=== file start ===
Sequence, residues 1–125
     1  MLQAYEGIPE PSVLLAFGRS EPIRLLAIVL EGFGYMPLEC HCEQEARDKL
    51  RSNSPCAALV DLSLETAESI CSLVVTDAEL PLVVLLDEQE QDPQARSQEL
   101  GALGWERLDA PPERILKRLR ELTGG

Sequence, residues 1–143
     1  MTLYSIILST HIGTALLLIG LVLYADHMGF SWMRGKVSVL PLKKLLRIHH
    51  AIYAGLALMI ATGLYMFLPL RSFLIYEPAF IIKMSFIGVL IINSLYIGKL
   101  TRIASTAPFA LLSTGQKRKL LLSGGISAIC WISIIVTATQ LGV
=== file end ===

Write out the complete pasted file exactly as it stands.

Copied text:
Sequence, residues 1–125
     1  MLQAYEGIPE PSVLLAFGRS EPIRLLAIVL EGFGYMPLEC HCEQEARDKL
    51  RSNSPCAALV DLSLETAESI CSLVVTDAEL PLVVLLDEQE QDPQARSQEL
   101  GALGWERLDA PPERILKRLR ELTGG

Sequence, residues 1–143
     1  MTLYSIILST HIGTALLLIG LVLYADHMGF SWMRGKVSVL PLKKLLRIHH
    51  AIYAGLALMI ATGLYMFLPL RSFLIYEPAF IIKMSFIGVL IINSLYIGKL
   101  TRIASTAPFA LLSTGQKRKL LLSGGISAIC WISIIVTATQ LGV